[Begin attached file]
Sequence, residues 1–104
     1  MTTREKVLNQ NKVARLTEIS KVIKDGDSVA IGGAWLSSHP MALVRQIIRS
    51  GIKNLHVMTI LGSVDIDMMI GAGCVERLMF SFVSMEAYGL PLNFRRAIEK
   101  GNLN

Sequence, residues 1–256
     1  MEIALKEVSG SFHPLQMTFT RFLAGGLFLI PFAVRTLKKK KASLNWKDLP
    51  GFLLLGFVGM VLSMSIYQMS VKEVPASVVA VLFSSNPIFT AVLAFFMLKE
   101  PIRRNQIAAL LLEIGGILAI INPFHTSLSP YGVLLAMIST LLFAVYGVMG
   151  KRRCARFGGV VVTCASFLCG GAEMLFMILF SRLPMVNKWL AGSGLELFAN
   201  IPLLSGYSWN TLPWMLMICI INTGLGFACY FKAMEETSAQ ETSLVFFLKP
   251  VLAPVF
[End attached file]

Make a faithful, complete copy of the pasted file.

Sequence, residues 1–104
     1  MTTREKVLNQ NKVARLTEIS KVIKDGDSVA IGGAWLSSHP MALVRQIIRS
    51  GIKNLHVMTI LGSVDIDMMI GAGCVERLMF SFVSMEAYGL PLNFRRAIEK
   101  GNLN

Sequence, residues 1–256
     1  MEIALKEVSG SFHPLQMTFT RFLAGGLFLI PFAVRTLKKK KASLNWKDLP
    51  GFLLLGFVGM VLSMSIYQMS VKEVPASVVA VLFSSNPIFT AVLAFFMLKE
   101  PIRRNQIAAL LLEIGGILAI INPFHTSLSP YGVLLAMIST LLFAVYGVMG
   151  KRRCARFGGV VVTCASFLCG GAEMLFMILF SRLPMVNKWL AGSGLELFAN
   201  IPLLSGYSWN TLPWMLMICI INTGLGFACY FKAMEETSAQ ETSLVFFLKP
   251  VLAPVF